Unigov is really not the answer, at least not to population decline to people leaving the county/city.

    Louisville (Jefferson County), Indianapolis (Marion County), and Lexington (Fayette County) all have mergerd city/county governents, and all these counties saw a net out-migration in the 2000-2005 time frame.

    Of these three, Louisville and Lexington also have a merged county-wide school district, and the Louisville district is embarking on a socio-economic integration plan

    Here’s a migration comparison for metro areas around Dayton:

    http://www.urbanohio.com/forum2/index.php/topic,17055.0.html

    Larkin, if there is nothing keeping you and your family here in Dayton you should consider relocating to Louisville, as it’s a much more progressive community.

  15. Dan September 2, 2008 / 5:19 pm
    I have lived within the city limits of Dayton for most of my life. I also have many, many friends who reside in Oakwood. I really cannot recall one instance where they are another Oakwood resident were “smug” with me. Granted, I have met a few oddballs from Oakwood, but I have met a whole lot more then just that from Dayton.

    Oakwood has a great community, great school system, great fire/police. I have even heard that in Oakwood when a resident calls the police for any reason whatsoever, they must respond in person within a certain reasonable amount of time.

    We cant get the police to respond to our neighborhood for anything, fighting, drug dealing, robbery in progress, etc. And to be honest, when they do decide to come, its a less then pleasant experience. Really makes a person wonder why they even bothered to call in the first place.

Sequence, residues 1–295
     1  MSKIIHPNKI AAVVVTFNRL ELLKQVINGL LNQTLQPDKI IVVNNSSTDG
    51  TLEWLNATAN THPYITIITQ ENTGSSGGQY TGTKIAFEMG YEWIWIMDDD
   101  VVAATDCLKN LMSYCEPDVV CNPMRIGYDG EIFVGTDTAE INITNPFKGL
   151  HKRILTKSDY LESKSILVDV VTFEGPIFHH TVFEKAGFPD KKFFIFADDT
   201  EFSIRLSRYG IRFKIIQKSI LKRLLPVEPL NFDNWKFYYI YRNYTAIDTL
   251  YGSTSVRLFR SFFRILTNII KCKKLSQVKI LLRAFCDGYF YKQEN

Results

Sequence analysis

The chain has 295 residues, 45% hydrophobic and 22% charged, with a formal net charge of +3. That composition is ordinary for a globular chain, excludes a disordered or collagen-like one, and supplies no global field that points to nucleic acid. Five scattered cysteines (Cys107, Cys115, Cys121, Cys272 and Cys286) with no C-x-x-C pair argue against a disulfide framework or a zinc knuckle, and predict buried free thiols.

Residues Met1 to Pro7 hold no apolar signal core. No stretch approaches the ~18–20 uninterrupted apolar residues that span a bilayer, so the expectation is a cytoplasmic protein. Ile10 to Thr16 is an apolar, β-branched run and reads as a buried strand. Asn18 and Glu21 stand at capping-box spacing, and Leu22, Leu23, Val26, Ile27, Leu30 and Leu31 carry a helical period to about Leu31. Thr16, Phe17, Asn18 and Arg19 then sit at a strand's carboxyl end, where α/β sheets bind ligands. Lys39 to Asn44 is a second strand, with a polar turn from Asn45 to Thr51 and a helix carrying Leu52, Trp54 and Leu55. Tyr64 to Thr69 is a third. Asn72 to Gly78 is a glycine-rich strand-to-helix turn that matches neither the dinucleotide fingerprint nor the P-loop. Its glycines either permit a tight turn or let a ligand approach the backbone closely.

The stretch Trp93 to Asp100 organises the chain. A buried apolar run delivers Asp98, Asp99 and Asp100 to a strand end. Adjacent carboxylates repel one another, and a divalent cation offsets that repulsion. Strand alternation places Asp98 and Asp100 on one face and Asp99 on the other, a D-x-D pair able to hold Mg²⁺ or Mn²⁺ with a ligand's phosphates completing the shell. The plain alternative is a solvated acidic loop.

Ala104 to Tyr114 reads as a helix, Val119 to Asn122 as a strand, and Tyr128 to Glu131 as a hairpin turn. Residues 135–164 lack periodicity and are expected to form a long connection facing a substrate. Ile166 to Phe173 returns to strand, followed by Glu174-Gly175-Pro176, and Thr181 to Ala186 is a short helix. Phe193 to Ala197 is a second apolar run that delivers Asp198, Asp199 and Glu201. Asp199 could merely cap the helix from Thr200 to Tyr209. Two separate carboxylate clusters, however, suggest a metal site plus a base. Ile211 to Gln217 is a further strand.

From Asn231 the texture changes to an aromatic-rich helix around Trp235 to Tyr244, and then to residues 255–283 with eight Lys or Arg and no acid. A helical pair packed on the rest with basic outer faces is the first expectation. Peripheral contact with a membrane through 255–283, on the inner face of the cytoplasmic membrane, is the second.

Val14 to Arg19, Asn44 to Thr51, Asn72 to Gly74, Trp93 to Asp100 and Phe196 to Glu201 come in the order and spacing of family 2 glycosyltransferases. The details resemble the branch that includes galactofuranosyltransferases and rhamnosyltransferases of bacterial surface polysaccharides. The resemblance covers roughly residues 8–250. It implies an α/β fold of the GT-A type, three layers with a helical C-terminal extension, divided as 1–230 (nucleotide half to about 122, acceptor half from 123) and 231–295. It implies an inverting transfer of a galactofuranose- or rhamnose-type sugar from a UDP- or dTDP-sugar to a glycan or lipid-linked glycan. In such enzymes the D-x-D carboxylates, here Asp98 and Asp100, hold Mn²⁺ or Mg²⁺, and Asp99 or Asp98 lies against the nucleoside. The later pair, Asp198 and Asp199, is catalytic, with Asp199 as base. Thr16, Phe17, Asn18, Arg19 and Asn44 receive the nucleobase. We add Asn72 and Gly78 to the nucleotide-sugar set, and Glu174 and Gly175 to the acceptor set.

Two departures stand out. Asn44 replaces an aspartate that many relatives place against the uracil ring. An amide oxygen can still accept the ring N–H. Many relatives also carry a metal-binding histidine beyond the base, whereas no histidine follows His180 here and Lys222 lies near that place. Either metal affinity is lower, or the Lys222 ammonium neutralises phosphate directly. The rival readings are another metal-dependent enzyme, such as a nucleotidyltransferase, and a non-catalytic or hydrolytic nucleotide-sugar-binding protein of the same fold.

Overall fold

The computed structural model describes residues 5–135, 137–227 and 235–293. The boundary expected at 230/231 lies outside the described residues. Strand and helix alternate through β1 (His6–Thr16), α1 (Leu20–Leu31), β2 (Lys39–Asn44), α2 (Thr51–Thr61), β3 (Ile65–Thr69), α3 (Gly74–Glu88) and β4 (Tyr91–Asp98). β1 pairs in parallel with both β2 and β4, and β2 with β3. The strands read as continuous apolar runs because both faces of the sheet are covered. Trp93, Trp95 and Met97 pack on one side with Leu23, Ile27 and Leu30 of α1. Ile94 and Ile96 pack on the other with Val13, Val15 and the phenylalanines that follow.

Oakwood has a lot to be very proud of. They have worked hard and long, invested a lot of time and effort to develop an excellent community. If I could afford to live there comfortably, I would have moved there 10 years ago.

  16. Larkin September 3, 2008 / 1:04 am
    Gene, get a life.

    “Better” in what sense, and by whose measure? I came to Dayton by choice, and I hope to make a difference here. I’m done with this thread, and perhaps with this blog altogether.

  17. David Esrati September 3, 2008 / 6:25 am

    @Larkin-
    Please ignore Gene. Please don’t be “done with this blog altogether”
    @Jeff- nice work on the stats (as always). Fascinating stuff.

  18. Gene September 3, 2008 / 10:02 am
    my point was that people from Oakwood, some of them at least, actually think they are better than you, which of course is a joke. Hence the :). This is the perception of them, I was just using this idea to make a joke. No one is better than Larkin, especially if that Larkin played SS for the Cincinnati Reds.

    Poor kids would not work well in Oakwood. Their clothes would not work for today’s fashions :)

  19. Gary September 3, 2008 / 4:55 pm